Dangerous release: Professionals describe self-harm behavior
Mental health professionals say patients they see engaging in cutting and other self-harm are resorting to the behavior to relieve the intense emotions they are unable to manage in a healthy way.
Ajeng Puspitasari, a clinical psychologist at Mayo Clinic in Rochester, Minn., said such behaviors are more prevalent "in younger populations—adolescents and young adults, but adults do engage in self-injurious behavior."
"It's a way to cope with intense emotions," she said. "Unfortunately, some feel better immediately after they cut, but there are consequences—the wounds, the responses from others—that are more severe and problematic."
That sense of relief, or emotional release, can also increase the likelihood that the behavior will become a habit, Puspitasari said.
The act of using a sharp instrument to self-inflict pain is difficult for most people to understand.
"Some (patients) say that it's easier to feel physical pain rather than emotional pain—because emotional pain is internal, it's harder to express," Puspitasari said.
Unless the patient learns healthier coping strategies to deal with strong emotions, self-harm can lead to more serious, even life-threatening behaviors, experts say.
Young people who cut "are grasping at a means to cope with difficult aspects of life," said Allana Danduran, integrated therapist at Sanford Children's in Fargo. "We want to replace that with different types of skills."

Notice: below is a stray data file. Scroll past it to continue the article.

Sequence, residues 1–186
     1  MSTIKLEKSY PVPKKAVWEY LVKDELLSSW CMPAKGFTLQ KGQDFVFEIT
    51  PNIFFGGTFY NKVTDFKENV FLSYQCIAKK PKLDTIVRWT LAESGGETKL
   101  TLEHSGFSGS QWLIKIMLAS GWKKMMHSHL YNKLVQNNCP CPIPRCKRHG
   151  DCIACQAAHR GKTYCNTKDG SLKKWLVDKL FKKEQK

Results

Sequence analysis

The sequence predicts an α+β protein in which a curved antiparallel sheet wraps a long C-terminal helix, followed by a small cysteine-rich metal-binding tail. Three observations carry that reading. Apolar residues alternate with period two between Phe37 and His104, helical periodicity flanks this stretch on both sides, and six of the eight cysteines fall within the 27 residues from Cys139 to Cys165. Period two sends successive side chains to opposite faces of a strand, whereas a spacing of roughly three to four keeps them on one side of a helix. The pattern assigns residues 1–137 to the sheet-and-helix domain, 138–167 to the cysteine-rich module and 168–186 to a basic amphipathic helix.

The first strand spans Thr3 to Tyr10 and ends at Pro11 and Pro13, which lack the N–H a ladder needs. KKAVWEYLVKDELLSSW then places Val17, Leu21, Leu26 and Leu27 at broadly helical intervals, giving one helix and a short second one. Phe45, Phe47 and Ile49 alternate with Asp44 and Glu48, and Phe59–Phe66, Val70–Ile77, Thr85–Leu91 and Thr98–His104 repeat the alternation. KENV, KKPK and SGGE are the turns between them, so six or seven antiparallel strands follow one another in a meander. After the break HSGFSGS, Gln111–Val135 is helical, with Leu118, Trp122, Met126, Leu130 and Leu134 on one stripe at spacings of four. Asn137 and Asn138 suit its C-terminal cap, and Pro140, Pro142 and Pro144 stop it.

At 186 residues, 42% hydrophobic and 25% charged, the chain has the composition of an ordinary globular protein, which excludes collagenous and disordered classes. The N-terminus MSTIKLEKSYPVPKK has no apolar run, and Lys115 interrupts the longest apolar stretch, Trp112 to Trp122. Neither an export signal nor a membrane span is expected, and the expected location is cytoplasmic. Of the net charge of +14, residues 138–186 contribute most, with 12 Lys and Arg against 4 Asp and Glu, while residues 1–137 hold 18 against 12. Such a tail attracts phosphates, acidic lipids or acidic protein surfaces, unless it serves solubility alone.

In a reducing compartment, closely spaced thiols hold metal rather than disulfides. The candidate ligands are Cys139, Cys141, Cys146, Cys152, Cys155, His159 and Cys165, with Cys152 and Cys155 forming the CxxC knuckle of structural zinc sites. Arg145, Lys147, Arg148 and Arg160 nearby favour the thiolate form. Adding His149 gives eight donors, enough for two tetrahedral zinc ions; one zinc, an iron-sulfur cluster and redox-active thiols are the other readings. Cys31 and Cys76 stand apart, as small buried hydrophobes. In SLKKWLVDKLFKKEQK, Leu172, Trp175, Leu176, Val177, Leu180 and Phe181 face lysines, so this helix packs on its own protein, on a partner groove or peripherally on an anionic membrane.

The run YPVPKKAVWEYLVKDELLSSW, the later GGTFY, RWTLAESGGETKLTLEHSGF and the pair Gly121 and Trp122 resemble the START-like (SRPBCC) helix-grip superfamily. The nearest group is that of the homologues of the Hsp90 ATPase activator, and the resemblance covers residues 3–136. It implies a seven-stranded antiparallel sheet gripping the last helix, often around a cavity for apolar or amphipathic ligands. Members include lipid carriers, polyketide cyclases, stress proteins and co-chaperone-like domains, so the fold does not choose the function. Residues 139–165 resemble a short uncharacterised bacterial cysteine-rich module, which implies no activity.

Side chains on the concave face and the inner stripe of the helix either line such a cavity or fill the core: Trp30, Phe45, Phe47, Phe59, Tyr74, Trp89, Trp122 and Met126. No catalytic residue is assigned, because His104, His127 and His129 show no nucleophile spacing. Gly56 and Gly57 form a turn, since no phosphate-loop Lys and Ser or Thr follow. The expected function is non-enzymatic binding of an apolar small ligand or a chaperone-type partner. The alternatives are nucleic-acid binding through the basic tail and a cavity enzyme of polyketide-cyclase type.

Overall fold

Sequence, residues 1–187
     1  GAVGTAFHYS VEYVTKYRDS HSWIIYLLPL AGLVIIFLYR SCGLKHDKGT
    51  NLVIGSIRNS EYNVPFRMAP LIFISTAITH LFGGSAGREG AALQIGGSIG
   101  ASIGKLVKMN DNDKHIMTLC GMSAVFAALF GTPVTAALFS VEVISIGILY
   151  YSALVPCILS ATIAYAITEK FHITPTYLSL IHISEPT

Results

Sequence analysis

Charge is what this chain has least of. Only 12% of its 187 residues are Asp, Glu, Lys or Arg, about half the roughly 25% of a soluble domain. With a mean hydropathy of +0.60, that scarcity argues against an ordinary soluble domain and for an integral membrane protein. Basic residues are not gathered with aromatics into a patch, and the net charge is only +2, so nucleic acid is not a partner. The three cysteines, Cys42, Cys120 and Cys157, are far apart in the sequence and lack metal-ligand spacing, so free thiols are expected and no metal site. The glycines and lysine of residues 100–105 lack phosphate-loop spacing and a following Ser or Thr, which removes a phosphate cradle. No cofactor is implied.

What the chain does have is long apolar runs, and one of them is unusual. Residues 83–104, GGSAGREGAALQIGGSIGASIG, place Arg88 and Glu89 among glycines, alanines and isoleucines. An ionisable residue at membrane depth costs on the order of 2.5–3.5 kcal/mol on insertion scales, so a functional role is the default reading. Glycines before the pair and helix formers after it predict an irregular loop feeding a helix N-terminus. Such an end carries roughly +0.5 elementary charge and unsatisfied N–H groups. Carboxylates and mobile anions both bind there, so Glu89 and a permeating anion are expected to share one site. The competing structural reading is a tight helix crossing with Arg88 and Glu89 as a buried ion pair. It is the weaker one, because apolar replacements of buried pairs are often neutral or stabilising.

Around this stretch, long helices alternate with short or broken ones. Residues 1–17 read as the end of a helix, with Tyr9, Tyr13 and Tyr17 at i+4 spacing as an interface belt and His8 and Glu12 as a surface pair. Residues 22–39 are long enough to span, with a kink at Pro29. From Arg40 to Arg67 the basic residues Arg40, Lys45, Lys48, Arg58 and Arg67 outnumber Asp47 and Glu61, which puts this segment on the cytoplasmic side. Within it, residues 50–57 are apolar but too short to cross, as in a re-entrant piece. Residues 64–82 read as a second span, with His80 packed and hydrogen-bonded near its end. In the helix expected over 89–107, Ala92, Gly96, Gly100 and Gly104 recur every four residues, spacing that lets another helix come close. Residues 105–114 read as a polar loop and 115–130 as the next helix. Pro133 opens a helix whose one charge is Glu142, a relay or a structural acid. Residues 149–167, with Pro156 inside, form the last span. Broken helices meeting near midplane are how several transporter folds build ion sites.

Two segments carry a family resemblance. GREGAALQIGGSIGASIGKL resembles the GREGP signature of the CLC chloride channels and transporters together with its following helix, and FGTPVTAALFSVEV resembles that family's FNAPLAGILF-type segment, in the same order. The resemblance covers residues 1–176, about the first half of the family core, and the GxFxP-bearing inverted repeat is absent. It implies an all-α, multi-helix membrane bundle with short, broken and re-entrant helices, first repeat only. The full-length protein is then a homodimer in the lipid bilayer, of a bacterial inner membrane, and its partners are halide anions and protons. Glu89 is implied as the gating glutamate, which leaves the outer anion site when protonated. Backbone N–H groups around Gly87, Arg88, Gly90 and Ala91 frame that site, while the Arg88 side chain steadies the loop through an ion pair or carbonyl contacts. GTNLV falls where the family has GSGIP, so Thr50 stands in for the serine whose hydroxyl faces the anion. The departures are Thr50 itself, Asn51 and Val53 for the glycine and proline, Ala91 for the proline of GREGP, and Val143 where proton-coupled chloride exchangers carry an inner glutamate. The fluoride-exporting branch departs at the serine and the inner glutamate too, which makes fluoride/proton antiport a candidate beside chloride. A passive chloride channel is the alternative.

"I've come to view (someone who cuts) as a person with maladaptive or dysfunctional coping skills. So when there's a crisis or emotional distress, they don't have the skills to tolerate that," Danduran said.
Cutting is "pretty common," she said. "I don't know if it's becoming more common, but it may be more out in the open because the stigma surrounding mental health is decreasing all the time. There's much less shame in getting help."
Websites and social media such as Snapchat, Instagram and YouTube channels may be contributing to the phenomenon, she said.
"I wonder if, on these sites, cutting is being presented as an option for young people—like, 'Oh, you could try this.' "
Signs and symptoms
Cutting is not a clinically diagnosed "disorder," said Puspitasari.
"It is one of the symptoms that may be exhibited by people who suffer from disorders such as borderline personality disorder or by people who have trauma issues, eating disorders or substance use disorder," Puspitasari said.
People who are experiencing depression, post traumatic stress disorder or anxiety disorder can also exhibit these types of behaviors, she said.
For those who engage in cutting, "it is an unhealthy way of coping with strong emotions that are overpowering for them," said Dr. Ellen Feldman, child psychiatrist at Altru Health System in Grand Forks.
"The behavior typically starts in childhood," she said, and often stems from a past traumatic experience that produces a strong emotional response.